Paddy Quinn (baseball)

From Wikipedia, the free encyclopedia
Jump to: navigation, search
For the Hunger striker, see Paddy Quinn (Irish republican).
Paddy Quinn
Born: August 1849
Died: January 2, 1909(1909-01-02) (aged 59)
Batted: Switch Threw: Right
MLB debut
July 26, 1871, for the Fort Wayne Kekiongas
Last appearance
1877, for the Chicago White Stockings
MLB statistics
Games played 42
Runs scored 26
Hits 36
  National Association of Base Ball Players
Aetna of Chicago (1870)
  League player
Fort Wayne Kekiongas (1871)
Keokuk Westerns (1875)
Hartford Dark Blues (1875)
Chicago White Stockings (1875, 1877)

Patrick "Paddy" Quinn (August 1849 – January 2, 1909) was an American baseball player in the first professional league. He played catcher in five games for the 1871 Fort Wayne Kekiongas and he appeared in two other more major league seasons in the 1870s.

Quinn was a regular league player during only one season, with three teams in 1875, primarily as a catcher. He led the Keokuk Westerns in batting average (.326) with 14 hits, working 11 of 13 games before that club went out of business. He moved on to Hartford and Chicago, 33 games in all. In the National League two seasons later, he returned to the Chicago White Stockings for four games in the outfield.

Quinn was a Chicago native and he played there as an amateur at the dawn of the professional era. The National Association of Base Ball Players first permitted professional clubs in 1869 and the White Stockings were established as Chicago's first pro club one year later. Quinn played for Aetna of Chicago, a respectable member of the amateur class.[1]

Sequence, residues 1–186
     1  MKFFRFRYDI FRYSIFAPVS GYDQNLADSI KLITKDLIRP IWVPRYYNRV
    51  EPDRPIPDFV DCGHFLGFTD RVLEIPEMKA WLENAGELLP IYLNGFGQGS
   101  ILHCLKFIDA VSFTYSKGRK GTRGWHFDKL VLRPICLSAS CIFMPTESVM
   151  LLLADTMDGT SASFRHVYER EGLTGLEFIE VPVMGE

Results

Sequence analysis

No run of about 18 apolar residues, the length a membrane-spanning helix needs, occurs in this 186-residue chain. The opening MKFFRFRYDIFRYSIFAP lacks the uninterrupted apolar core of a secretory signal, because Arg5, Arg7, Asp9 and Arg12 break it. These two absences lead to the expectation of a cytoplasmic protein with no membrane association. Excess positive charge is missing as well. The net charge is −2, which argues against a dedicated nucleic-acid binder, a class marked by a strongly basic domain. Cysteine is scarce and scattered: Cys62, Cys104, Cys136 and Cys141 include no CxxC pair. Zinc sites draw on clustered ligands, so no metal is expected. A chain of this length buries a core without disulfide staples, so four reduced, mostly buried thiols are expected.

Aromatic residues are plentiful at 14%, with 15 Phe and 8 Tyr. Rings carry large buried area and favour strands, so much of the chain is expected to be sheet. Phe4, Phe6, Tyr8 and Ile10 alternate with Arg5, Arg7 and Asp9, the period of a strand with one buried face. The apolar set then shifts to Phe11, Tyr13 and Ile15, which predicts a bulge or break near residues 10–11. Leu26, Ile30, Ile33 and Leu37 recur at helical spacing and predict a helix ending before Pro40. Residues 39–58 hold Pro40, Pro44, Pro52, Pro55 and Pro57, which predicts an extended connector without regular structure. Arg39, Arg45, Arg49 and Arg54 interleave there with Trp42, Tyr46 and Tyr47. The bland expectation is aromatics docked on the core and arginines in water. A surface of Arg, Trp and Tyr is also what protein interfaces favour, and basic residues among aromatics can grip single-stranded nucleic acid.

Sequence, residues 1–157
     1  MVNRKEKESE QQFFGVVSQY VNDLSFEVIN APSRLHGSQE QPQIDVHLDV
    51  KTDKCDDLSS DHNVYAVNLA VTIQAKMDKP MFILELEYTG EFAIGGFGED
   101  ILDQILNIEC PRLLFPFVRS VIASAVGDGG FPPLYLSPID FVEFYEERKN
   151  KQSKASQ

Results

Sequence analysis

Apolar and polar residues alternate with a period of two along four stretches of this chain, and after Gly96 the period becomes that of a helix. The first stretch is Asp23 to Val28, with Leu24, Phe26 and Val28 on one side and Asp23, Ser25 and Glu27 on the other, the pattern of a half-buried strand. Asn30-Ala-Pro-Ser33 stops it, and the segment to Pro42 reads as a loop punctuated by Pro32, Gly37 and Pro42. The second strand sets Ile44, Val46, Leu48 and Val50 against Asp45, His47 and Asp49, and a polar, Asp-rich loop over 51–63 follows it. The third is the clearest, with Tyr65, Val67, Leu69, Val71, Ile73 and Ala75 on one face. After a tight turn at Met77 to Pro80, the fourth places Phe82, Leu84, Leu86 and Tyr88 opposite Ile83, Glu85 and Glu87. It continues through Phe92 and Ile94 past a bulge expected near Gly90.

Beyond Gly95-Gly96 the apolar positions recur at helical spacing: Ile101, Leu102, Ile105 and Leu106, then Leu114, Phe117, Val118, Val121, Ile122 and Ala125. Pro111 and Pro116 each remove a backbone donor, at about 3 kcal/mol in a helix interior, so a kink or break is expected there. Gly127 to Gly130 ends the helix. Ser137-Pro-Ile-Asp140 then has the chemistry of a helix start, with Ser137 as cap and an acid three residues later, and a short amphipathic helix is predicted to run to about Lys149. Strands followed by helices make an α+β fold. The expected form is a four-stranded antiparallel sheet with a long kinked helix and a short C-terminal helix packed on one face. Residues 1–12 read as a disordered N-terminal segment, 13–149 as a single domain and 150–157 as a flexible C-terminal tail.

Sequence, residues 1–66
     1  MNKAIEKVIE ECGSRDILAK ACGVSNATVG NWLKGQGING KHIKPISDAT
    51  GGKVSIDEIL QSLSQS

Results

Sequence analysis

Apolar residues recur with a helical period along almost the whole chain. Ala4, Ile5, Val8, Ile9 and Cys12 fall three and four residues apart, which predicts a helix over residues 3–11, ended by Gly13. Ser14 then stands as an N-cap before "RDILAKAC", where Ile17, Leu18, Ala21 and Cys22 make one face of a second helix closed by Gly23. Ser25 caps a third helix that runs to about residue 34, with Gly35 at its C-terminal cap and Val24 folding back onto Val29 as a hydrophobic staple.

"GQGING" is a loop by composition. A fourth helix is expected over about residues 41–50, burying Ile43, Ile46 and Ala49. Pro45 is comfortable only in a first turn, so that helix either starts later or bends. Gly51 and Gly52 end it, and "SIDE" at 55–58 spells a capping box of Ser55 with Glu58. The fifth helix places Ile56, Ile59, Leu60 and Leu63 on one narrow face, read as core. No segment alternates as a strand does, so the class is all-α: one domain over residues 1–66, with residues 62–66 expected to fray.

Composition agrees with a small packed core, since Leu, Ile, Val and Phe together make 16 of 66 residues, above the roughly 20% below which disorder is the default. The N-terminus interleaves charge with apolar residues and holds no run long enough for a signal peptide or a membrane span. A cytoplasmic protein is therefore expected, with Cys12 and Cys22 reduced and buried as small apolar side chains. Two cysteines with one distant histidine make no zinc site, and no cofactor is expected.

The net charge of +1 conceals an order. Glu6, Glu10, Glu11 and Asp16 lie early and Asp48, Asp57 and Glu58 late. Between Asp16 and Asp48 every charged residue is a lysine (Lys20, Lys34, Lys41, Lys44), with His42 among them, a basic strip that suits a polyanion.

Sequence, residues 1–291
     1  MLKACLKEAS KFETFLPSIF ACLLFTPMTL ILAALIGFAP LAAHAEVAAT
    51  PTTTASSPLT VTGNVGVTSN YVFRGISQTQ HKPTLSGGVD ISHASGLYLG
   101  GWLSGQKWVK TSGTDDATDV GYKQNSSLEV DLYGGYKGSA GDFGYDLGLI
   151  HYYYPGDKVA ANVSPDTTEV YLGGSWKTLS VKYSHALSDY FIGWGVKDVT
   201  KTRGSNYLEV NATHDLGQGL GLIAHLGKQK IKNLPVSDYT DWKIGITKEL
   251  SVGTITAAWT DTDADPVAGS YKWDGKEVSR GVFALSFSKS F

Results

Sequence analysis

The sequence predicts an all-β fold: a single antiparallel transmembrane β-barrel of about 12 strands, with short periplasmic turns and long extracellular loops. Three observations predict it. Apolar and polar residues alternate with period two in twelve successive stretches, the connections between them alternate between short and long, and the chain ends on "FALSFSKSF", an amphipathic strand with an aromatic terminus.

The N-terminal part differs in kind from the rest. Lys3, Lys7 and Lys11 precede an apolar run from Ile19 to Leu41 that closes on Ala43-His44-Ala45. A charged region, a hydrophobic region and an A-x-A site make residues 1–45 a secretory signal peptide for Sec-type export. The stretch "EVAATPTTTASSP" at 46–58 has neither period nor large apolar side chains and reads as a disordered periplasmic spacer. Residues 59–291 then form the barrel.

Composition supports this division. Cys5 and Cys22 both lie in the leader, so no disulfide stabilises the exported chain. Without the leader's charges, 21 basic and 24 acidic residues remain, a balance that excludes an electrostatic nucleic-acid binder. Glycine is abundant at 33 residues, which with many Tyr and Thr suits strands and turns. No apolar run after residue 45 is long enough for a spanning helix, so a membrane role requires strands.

Jimmy Hallinan also played for the Aetnas of Chicago in 1870, when both Hallinan and Quinn turned 21 years old during the baseball season. In 1871 they both played a few games for the Kekiongas of Fort Wayne, Indiana, and the next league experience for both was at age 26 with the Westerns of Keokuk, Iowa in 1875. Little is known about baseball in the 1870s, outside the leagues, but it seems that many clubs such as the Aetnas and their amateur or semipro rivals continued to operate, and thus adult players outside the leagues, such as Hallinan and Quinn before 1875, continued to play competitively. According to one obituary, Hallinan played four season for Aetna beginning 1870.[2]

Quinn died, aged 59, from unknown causes in his native Chicago in 1909.


  1. ^ Wright, Marshall D. The National Association of Base Ball Players, 1857–1870. Jefferson NC: McFarland & Co. 2000. Page ???.
    Coverage of NABBP play, even the list of a player's teams, is generally limited to the record that Wright has published, which is compiled from various sources and commonly limited to regular and important substitute players.
  2. ^ "Obit for Jimmy Hallinan". Reprint from The New York Clipper, November 11, 1879. Retrieved 2010-07-11.